To no one's surprise by now, SARS-CoV-2 is very efficient at infecting our lungs. Once there, it wreaks havoc, attacking airway and alveolar epithelial cells preferentially. But what are the molecular mechanisms underscoring the reported lung damage associated with severe COVID-19? By leveraging phosphoproteomics and genome-wide analysis, recent studies provide insights on different mechanisms and molecular pathways that may serve as therapeutic targets.
Dysregulated Pathways in Alveolar Damage
Within the distal lung, which comprises the terminal and respiratory bronchioles and alveolar ducts, SARS-CoV-2 shows a preference for infecting ACE2 expressing alveolar epithelial type 2 (AT2) cells (Jain and Sznajder 2007, Hou et al. 2020). Investigators have recognized that alveolar and AT2 cell damage drives the acute respiratory distress syndrome (ARDS) frequently occurring in severe COVID-19 cases.
Reprinted from "Respiratory Epithelium" by BioRender.com (2021). Retrieved from https://app.biorender.com/biorender-templates
Type II pneumocytes or alveolar type II (AT2) cells are cuboidal cells that occupy less than 10% of the alveolar surface. AT2 cells produce lipoprotein surfactants necessary for proper lung gas exchange function.
To understand the molecular mechanisms leading to AT2 cell injury, investigators used an in vitro model where AT2 cells derived from human induced pluripotent stem cells (iPSCs) were infected with SARS-CoV-2. Proteomics analysis allowed them to uncover diverse molecular pathways involved in COVID-19 lung damage. Hekman et al. identified early responses to SARS-CoV-2 infections, which were shaped by changes in the levels and phosphorylation of host proteins. The identified proteins were involved in immunity, cell proliferation, and survival. Significantly, over 1,000 lung-specific proteins were differentially phosphorylated in response to SARS-CoV-2 infection. Dysregulated pathways included those controlling mRNA splicing, nuclear integrity, metabolism, and apoptosis. Investigators identified several kinases such as CSNK1E, CDK2, EEF2K RPS6KA3, CDK1/2, and MAPK14 susceptible to SARS-CoV-2 and promoting abnormal signaling early during infection. Of relevance to alveolar cells, investigators found abnormal regulation of tight junction integrity. Based on these findings, a Phase 3 clinical trial is underway to evaluate the efficacy of a potent antiviral and MAPK inhibitor, losmapimod, for COVID-19 treatment.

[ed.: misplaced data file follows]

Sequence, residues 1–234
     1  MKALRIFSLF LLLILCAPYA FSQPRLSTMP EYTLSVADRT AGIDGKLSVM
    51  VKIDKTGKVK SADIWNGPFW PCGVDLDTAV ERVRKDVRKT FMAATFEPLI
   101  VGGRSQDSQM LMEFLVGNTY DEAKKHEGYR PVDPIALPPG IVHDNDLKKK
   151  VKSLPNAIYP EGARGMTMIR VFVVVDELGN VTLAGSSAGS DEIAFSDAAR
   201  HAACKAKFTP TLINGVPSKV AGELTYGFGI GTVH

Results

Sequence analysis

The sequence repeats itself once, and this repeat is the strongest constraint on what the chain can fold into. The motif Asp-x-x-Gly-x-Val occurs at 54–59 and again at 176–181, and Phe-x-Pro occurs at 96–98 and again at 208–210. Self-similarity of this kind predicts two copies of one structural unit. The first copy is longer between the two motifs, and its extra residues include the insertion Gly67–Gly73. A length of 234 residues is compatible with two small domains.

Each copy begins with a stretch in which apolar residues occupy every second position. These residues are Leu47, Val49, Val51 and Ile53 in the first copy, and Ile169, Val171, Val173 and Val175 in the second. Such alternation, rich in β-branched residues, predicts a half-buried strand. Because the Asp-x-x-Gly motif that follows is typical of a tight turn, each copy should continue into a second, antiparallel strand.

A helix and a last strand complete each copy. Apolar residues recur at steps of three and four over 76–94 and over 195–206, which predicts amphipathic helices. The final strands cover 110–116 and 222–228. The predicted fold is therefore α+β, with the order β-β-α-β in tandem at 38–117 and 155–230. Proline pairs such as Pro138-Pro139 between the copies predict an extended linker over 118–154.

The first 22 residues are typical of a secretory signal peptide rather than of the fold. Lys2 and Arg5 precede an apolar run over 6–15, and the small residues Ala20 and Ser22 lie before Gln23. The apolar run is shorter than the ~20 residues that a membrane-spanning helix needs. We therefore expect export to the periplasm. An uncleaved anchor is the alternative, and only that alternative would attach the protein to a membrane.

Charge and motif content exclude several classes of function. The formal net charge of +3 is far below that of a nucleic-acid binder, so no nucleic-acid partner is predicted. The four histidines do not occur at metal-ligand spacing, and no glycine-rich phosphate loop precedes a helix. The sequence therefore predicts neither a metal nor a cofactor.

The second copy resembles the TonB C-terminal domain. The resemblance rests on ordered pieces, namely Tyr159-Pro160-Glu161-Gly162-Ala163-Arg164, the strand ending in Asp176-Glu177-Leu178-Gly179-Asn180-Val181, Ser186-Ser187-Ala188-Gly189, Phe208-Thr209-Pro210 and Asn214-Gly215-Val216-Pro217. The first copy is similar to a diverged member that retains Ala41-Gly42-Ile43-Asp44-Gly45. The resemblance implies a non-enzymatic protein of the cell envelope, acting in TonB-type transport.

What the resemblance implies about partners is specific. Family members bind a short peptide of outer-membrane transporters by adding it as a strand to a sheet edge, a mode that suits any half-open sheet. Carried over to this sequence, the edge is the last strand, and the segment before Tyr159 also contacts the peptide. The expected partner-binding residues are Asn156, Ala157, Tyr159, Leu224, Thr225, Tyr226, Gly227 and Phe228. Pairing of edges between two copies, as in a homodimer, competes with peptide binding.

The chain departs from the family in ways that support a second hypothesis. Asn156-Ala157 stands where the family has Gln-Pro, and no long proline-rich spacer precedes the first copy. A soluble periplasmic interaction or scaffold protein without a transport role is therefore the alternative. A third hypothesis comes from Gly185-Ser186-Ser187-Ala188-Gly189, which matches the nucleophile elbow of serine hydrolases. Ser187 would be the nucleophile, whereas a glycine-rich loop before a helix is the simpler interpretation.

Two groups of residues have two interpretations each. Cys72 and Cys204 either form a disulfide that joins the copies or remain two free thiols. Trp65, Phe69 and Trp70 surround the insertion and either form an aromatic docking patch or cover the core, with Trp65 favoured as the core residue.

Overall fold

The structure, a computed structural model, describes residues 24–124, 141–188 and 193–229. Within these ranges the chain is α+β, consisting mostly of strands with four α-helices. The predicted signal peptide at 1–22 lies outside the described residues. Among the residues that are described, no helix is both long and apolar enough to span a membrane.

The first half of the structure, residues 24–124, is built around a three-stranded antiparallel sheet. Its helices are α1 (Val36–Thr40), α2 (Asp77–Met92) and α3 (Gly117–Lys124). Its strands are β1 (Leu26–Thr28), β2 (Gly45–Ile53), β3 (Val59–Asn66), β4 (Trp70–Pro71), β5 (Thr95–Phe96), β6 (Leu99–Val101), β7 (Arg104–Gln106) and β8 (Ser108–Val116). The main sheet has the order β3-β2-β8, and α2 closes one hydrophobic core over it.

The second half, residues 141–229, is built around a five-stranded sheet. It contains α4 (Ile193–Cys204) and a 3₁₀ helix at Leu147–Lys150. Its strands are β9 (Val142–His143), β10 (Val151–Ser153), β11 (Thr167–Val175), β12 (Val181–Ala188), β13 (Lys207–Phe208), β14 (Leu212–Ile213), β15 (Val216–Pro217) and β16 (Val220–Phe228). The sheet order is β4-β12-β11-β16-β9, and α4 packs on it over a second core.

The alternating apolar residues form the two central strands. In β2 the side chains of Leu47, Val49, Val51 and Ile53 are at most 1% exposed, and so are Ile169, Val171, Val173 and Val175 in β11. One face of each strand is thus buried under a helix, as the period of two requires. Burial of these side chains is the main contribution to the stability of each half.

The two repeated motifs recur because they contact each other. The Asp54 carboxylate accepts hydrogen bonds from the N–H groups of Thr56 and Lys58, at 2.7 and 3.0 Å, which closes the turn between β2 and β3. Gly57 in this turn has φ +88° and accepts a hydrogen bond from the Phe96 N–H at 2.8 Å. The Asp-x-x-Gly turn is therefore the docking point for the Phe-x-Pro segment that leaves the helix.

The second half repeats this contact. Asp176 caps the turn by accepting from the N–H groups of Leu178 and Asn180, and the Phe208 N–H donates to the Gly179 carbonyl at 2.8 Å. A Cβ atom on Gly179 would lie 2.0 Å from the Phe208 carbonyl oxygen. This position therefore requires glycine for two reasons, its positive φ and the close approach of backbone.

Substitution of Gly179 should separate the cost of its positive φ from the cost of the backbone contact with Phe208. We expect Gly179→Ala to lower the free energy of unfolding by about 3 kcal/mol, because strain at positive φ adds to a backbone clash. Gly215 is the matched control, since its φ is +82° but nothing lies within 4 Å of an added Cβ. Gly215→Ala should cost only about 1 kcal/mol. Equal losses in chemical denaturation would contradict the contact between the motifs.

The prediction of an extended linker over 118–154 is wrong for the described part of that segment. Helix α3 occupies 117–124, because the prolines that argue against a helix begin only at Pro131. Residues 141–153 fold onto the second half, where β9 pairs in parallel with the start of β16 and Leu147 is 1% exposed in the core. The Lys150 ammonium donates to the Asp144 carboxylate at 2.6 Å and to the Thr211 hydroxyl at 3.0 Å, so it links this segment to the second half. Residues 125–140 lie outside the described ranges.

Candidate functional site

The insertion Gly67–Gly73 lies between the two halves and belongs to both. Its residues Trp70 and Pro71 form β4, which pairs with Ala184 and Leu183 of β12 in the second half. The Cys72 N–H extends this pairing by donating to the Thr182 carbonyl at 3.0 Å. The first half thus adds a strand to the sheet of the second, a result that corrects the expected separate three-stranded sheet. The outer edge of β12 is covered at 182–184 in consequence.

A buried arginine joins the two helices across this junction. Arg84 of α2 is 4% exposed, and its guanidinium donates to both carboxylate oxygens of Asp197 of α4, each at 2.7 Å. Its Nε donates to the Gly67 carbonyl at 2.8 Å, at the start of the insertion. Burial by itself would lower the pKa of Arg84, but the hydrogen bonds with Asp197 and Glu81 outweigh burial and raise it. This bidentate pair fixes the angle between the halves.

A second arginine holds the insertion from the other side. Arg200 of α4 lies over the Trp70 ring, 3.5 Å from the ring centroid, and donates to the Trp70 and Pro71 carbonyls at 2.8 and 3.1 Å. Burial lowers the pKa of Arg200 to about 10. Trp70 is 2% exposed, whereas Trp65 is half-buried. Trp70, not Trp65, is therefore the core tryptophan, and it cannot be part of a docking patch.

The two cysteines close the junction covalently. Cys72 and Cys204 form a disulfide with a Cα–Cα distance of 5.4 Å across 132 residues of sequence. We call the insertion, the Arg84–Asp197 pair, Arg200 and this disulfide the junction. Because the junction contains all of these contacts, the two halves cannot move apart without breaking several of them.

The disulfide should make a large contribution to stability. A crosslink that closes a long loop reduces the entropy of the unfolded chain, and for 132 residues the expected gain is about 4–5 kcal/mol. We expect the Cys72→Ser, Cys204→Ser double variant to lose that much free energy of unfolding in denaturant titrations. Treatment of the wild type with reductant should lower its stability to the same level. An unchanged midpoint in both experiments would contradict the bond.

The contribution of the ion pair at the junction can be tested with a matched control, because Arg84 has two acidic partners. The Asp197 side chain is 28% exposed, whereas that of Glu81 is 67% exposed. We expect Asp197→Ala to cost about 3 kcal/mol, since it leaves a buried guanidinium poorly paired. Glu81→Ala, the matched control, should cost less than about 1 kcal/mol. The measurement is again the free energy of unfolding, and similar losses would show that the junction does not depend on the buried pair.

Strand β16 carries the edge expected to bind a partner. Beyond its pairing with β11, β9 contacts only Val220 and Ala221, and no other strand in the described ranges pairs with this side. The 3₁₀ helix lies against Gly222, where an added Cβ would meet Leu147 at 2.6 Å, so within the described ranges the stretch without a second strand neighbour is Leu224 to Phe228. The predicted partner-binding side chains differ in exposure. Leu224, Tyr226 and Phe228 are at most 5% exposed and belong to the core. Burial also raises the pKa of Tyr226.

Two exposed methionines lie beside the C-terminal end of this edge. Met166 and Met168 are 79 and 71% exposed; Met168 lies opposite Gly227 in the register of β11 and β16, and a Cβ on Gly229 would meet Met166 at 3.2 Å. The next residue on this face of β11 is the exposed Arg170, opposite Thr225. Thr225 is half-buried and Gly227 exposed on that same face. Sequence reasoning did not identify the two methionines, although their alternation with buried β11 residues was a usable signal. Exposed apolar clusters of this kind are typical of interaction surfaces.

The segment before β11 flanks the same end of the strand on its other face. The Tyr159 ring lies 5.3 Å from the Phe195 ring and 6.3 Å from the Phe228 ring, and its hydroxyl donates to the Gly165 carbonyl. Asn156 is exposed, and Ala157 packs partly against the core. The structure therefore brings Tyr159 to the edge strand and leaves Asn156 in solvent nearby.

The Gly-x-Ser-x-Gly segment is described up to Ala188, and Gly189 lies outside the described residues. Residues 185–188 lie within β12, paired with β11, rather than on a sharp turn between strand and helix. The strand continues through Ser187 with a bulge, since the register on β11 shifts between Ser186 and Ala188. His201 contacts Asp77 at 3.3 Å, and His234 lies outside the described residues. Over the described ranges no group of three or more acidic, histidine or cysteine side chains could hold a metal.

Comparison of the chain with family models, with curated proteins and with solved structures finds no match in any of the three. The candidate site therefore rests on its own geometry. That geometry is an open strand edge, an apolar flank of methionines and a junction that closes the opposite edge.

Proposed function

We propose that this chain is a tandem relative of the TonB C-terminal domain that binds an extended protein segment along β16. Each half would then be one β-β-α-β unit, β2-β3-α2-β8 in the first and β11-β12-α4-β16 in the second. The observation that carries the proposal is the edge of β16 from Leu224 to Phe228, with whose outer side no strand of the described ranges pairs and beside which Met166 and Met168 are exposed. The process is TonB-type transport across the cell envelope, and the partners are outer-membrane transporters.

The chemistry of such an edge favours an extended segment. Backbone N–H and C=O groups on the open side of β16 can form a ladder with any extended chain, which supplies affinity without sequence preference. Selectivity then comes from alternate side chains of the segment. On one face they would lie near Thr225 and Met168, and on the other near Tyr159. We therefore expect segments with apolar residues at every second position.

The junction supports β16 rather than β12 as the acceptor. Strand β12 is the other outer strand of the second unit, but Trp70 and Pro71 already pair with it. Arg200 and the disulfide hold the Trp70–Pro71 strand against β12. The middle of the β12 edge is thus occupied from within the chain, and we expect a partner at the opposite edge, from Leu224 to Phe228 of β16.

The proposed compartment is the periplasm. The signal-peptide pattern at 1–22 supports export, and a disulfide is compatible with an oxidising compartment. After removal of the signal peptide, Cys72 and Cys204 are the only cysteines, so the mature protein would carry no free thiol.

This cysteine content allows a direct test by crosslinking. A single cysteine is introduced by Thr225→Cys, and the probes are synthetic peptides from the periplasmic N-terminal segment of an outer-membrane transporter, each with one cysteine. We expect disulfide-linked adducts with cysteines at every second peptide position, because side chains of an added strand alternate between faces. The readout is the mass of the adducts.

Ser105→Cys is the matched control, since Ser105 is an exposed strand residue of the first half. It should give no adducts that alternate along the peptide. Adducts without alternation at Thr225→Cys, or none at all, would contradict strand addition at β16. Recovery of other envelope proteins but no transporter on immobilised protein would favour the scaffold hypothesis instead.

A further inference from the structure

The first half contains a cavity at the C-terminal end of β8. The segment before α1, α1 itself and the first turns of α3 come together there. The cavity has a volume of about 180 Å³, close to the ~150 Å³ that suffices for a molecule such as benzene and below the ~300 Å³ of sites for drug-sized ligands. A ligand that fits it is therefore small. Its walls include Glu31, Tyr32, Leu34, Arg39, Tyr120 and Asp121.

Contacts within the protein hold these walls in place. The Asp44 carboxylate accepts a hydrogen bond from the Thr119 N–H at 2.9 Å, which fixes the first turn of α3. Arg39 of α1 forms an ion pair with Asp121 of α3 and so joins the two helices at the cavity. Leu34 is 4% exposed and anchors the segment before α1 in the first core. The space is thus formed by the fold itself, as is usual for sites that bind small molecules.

Genomic Determinants of Severe COVID-19 Susceptibility
Severe COVID-19 is distinguishable from mild disease by hypoxemia, lung inflammation, and alveolar damage. Response to anti-inflammatory treatment is also a differentiator between severe and mild COVID-19. For example, only patients with severe disease benefit from corticosteroid treatment. Therefore, to understand the genetic basis for differential responses to SARS-CoV-2 infection, investigators compared patients with severe COVID-19 to healthy controls in a genome-wide association study (GenOMICC study) in the UK. By following this unbiased approach, Pairo-Castineira et al. 2020 identified genetic associations for respiratory failure in severe COVID-19 cases.
First, Pairo-Castineira et al. identified molecular factors involved in the early response to COVID-19 as exemplified by IFN and its downstream target, OAS3. During the early innate immune response, OAS enzymes are involved in viral RNA degradation. This finding points towards a critical role for OAS enzymes' antiviral activity in guarding against severe COVID-19 (Yung Choi et al. 2015). Additionally, factors such as DPP9, TYK2, and CCR2 were linked to the severity of lung inflammatory responses.
Overall, these new studies have proved to be useful in identifying actionable targets for testing the efficacy of existing drugs against COVID-19. Investigators believe that identifying molecular factors involved in the inflammatory phase may provide more effective treatment opportunities to prevent lung damage.